Strength in Femininity

Savannah is a city at once bold and delicate. Lush flowers and vines lounge across ornate wrought iron gates and red brick facades, a brilliantly restored downtown is constantly bustling with visitors, and Southern hospitality exudes from every storefront. Here, no one seems to be in a rush, just as everyone seems to want to luxuriate in history. Yet there is no stepping back in time in this gothic Southern city, no stubborn refusal of innovation; instead, all eras of American history meld together in the span of one city block.

This juxtaposition of strength and delicacy—in the architecture and its flourishes, in the people and their creativity, in the landscape and its legacy—is the driving force behind our Savannah Collection and our desire to share stories of present and past women’s contributions to Savannah. We believe Savannah is the perfect city to highlight the impact of powerful, creative women, as both the city and our collection embody the strength inherent in femininity.

As a women-led company, AIMEE LACALLE is captivated not only by Savannah’s beauty, with its stately oaks draped in Spanish moss, charming town squares, and well-preserved historical architecture, but also by its plethora of trailblazing women—women who helped establish the vision and energy of Savannah from its founding as a colony in 1733 to today, as well as those who are impacting the city currently, in its communities of artists, students, and culture creators. The motifs in the Savannah Collection are named in honor of six influential women in Savannah’s history, and the stories we are excited to share with you in our lookbook and website showcase the contributions of current creatives in the city.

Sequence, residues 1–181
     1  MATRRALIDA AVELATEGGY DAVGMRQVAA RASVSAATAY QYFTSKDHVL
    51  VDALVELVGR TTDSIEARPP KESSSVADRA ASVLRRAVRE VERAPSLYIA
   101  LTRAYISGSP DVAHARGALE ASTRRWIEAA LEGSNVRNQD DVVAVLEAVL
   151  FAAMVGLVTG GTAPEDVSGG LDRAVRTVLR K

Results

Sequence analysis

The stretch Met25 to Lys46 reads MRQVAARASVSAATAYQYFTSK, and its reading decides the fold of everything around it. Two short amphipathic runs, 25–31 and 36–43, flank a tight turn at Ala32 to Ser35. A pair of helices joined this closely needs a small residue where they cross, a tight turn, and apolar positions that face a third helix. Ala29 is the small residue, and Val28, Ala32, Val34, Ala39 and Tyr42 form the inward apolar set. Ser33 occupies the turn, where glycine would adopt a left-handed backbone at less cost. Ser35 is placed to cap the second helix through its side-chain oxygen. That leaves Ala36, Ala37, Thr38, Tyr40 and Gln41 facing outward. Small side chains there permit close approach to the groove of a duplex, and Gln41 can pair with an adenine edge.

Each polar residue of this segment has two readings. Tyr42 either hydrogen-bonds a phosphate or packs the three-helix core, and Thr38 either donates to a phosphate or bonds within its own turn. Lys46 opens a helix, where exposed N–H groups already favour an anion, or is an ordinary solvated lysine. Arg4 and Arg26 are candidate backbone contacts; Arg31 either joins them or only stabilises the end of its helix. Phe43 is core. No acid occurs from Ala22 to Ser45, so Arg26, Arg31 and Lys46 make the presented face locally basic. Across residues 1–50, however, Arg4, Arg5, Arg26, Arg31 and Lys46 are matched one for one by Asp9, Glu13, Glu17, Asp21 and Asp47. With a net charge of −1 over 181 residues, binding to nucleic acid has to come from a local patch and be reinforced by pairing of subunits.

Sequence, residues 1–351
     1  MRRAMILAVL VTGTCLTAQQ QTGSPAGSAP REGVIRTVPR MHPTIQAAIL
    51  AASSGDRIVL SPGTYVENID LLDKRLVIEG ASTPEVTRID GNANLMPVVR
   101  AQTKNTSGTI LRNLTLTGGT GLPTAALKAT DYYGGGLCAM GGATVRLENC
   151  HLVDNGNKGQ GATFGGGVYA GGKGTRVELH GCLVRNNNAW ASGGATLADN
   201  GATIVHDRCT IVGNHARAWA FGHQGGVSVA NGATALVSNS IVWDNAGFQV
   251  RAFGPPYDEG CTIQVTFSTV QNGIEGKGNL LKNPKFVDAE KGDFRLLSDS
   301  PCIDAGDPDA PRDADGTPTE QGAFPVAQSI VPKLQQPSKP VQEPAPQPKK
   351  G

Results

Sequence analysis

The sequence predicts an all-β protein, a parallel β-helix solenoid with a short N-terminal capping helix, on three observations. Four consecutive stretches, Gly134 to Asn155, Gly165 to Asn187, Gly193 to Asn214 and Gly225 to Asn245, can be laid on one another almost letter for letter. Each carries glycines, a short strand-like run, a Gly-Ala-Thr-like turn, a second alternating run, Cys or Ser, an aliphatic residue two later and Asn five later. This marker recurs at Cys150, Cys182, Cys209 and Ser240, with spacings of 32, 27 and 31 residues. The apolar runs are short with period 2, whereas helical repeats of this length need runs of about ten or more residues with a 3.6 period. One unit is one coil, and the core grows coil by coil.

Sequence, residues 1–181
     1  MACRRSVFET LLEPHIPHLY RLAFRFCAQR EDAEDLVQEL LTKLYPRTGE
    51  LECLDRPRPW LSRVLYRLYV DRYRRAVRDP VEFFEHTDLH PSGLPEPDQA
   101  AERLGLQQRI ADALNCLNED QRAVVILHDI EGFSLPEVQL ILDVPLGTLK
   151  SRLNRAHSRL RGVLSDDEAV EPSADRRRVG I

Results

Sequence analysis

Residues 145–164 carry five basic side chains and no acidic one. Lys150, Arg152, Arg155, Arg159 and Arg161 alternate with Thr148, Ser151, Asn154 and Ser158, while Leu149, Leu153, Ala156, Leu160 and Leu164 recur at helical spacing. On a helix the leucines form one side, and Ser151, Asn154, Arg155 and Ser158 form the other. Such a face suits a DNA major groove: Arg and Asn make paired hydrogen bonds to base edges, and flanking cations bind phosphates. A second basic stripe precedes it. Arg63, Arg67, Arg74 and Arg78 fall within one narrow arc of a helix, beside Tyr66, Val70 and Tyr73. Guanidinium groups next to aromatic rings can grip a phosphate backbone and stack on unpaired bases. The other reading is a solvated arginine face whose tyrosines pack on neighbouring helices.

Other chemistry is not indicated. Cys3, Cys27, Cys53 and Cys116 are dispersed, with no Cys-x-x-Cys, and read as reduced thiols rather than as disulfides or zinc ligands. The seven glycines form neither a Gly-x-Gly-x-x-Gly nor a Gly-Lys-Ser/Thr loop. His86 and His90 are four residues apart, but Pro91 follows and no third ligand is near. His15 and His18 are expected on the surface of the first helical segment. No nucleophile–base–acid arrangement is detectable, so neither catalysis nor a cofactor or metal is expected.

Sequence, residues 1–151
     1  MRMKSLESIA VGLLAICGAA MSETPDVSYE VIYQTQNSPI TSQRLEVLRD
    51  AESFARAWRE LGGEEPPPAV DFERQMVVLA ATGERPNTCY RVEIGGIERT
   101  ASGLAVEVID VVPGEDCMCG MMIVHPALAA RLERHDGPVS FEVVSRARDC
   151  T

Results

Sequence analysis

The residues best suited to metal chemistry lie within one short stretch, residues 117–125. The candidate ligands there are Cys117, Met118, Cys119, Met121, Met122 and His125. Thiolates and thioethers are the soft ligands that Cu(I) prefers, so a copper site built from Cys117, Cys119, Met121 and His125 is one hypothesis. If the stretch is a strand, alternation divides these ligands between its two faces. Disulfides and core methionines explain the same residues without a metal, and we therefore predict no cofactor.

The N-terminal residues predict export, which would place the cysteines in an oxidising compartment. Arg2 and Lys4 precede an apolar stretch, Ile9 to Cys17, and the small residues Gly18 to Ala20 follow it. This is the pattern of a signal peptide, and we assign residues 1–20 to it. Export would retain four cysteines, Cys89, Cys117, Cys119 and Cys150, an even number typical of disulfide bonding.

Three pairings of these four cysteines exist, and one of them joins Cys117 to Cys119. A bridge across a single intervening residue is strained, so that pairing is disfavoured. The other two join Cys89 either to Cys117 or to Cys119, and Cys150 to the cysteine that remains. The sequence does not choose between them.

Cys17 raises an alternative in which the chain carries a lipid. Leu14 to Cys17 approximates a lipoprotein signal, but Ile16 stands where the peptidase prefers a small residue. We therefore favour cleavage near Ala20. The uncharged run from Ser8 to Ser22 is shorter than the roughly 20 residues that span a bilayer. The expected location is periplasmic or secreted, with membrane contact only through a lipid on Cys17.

A character in John Berendt’s 1994 best-selling novel Midnight in the Garden of Good and Evil warns, “You mustn’t be taken in by the moonlight and magnolias. There’s more to Savannah than that.” It’s true that Savannah is an elegant city, brimming with romance and charm, but it is also a city that looks to the future, designing inventive solutions to problems.

Take, for example, the revitalization of the downtown that occurred in recent decades, as Savannah College of Art and Design, or SCAD for short, purchased and renovated historic buildings to serve as classrooms, art studios, student housing, and more. Founded by Paula Wallace (née Rowan) and Richard Rowan in 1978, and now one of the top art schools in the nation, SCAD has renovated dozens of buildings throughout downtown Savannah—buildings which originally served as a bank, a jail and police department, a nunnery, a railroad complex, an armory, a meat packing plant, a department store, a theater, a hospital, a synagogue, and elementary schools. Some of these buildings sat vacant for decades, languishing in disrepair, until SCAD stepped in to help.

Now, Savannah’s downtown is a top tourist destination. SCAD draws thousands of creative students each year, pursuing their dreams and the latest cutting-edge approaches to their art, bringing a youthful vibrancy to the city. New restaurants and boutique hotels are popping up left and right. Yet the city—known previously as “Garden City” and the “Hostess City”—has maintained its quaint Southern charm. Savannahians are friendly and warm, their food buttery and comforting, their drinks strong and traditional. The character of the city and its Lowcountry surroundings, such as Beaufort, South Carolina and the network of islands dotting the Atlantic Ocean, remains intact, due perhaps to the way its history—the bones of the architecture and the communities—runs so close to the surface. Savannah exists on a human scale, and pays her respects to those who came before her with honor and grace.

It is this grace, this dedication to handling history with caring hands, this strength and vision that AIMEE LACALLE aims to evoke through the patterns and colors of the Savannah Collection, in honor of the mysterious elegance of this romantic garden city.